Worcestershire Royal Hospital helped after 'disaster doctor' enlisted
An NHS trust where a "disaster doctor" was called to assist its under-pressure A&E department is to get more support.
Ambulance bosses brought in the doctor, usually on call for major disasters, at Worcestershire Royal Hospital.
Now, the NHS Trust Development Authority had said it will appoint an improvement director at the hospital.
It confirmed that despite pressures, staff had "high levels of commitment to patient safety". The trust itself has not commented on the move.
The doctor, known as a medical incident officer, cared for eight patients at the hospital, on 10 April.
West Midlands Ambulance Service, which decided to call in the doctor, said the decision was "unprecedented" and "not taken lightly".
Last week, the hospitals trust said a peak over the previous two weekends was caused by a 15% increase in blue light ambulance calls, a figure disputed by the ambulance service.
The development authority said the hospitals trust was "facing considerable challenges" and additional senior clinical support would be provided.
It added the support staff being brought in would work with the hospitals trust "on immediate and sustainable changes to overcome the current challenges" it faced.
Emergency departments under pressure
- A paramedic, Stuart Gardner, blew the whistle on overcrowding in Worcester's corridors in January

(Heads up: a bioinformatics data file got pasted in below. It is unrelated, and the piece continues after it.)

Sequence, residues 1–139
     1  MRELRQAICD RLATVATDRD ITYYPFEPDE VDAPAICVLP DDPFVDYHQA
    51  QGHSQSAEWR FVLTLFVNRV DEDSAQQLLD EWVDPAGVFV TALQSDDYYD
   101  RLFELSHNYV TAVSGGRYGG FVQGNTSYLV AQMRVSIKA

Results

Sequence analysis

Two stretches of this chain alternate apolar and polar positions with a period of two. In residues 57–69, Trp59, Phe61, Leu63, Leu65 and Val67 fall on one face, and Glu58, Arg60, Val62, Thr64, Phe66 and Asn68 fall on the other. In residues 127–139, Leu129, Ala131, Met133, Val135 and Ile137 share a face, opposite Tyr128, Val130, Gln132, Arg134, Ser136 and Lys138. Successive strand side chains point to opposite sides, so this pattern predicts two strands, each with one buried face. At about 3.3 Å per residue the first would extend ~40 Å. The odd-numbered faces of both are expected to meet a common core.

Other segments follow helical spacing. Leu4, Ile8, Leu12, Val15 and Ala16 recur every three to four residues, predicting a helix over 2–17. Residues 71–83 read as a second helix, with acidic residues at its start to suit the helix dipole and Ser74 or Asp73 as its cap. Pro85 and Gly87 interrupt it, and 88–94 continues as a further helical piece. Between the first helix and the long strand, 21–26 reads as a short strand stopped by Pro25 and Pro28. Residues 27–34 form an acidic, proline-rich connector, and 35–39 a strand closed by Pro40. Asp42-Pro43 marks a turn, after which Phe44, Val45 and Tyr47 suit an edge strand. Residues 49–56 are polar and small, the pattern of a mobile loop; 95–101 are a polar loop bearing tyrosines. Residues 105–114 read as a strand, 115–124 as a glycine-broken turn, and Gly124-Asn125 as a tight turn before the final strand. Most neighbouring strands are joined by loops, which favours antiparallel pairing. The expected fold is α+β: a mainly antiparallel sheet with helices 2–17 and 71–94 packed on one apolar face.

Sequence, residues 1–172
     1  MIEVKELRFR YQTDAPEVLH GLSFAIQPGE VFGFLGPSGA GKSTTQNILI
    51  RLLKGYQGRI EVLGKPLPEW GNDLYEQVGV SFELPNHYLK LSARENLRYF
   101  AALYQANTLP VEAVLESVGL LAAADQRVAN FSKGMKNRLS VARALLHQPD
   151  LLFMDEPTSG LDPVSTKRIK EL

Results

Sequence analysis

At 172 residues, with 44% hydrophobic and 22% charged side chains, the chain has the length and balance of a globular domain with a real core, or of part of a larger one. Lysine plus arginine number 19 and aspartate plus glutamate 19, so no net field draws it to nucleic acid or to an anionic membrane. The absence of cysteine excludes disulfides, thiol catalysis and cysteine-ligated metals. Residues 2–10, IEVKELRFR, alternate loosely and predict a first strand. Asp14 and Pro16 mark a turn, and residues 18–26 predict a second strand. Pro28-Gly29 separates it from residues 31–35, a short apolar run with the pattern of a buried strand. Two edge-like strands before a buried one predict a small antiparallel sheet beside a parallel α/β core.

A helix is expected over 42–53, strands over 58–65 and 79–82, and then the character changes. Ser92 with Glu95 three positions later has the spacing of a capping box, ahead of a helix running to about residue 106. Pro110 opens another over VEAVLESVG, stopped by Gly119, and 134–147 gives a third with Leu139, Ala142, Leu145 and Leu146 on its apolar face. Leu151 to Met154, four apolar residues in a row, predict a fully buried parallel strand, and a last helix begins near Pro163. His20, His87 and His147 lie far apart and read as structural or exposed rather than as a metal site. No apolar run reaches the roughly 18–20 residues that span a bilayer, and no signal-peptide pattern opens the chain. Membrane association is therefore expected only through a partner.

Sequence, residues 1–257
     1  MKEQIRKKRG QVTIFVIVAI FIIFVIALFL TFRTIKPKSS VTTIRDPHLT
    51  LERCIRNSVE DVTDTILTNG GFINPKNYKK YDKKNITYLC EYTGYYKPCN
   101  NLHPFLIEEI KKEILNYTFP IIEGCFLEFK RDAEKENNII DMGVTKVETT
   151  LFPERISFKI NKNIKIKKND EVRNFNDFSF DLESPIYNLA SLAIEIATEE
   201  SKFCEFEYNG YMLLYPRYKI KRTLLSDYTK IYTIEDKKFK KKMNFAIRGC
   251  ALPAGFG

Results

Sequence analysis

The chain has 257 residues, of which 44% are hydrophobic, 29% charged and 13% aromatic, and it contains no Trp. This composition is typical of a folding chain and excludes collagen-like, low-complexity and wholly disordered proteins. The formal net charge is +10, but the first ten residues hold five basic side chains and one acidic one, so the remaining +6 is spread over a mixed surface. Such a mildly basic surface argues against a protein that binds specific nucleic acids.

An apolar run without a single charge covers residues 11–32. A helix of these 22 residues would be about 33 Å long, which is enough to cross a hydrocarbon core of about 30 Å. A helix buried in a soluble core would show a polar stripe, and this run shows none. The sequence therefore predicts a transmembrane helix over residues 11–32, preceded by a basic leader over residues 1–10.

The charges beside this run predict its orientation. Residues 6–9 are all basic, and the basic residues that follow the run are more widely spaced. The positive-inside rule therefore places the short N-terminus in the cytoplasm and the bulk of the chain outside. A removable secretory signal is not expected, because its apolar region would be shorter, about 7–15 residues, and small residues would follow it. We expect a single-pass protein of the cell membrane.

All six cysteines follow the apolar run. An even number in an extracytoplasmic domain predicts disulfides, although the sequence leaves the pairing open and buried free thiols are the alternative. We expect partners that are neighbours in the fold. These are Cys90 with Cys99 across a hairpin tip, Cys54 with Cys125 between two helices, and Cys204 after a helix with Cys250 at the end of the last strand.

- In February, five emergency specialists left the trust claiming the "massive overcrowding" was a disgrace and caused "serious harm" to many patients
- On 23 March the BBC reported two cardiac arrests in the corridor in one week and 28 patients waiting to access the emergency department
- The following day the Care Quality Commission undertook an unannounced inspection. A day later a risk summit took place involving all health parties in the county
- All routine surgery was cancelled ahead of the Easter holiday to free up beds and ensure the smooth running of Accident and Emergency
The authority said it had commissioned reviews into how emergency care could be improved and to investigate allegations around bullying and harassment and these reviews were expected to report shortly.
A spokesperson for the authority said: "Despite significant pressures, staff in the emergency departments and ambulance service are demonstrating very high levels of commitment to maintain patient safety.
"We will support the trust and its staff as they work with local health and social care partners to deliver necessary improvements."
The authority provides support, oversight and governance for NHS trusts.